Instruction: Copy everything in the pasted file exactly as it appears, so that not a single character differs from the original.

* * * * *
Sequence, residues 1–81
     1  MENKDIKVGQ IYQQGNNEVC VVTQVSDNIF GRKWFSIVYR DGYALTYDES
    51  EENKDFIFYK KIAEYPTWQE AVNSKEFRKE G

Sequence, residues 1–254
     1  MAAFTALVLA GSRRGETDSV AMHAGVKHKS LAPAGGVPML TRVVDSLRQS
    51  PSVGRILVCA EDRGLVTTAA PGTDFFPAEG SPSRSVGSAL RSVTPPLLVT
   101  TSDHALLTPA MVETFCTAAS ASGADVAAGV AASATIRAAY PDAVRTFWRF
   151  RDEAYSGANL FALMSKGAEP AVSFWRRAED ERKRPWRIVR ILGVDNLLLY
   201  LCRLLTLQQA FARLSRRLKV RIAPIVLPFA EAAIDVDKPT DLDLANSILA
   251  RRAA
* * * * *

Sequence, residues 1–81
     1  MENKDIKVGQ IYQQGNNEVC VVTQVSDNIF GRKWFSIVYR DGYALTYDES
    51  EENKDFIFYK KIAEYPTWQE AVNSKEFRKE G

Sequence, residues 1–254
     1  MAAFTALVLA GSRRGETDSV AMHAGVKHKS LAPAGGVPML TRVVDSLRQS
    51  PSVGRILVCA EDRGLVTTAA PGTDFFPAEG SPSRSVGSAL RSVTPPLLVT
   101  TSDHALLTPA MVETFCTAAS ASGADVAAGV AASATIRAAY PDAVRTFWRF
   151  RDEAYSGANL FALMSKGAEP AVSFWRRAED ERKRPWRIVR ILGVDNLLLY
   201  LCRLLTLQQA FARLSRRLKV RIAPIVLPFA EAAIDVDKPT DLDLANSILA
   251  RRAA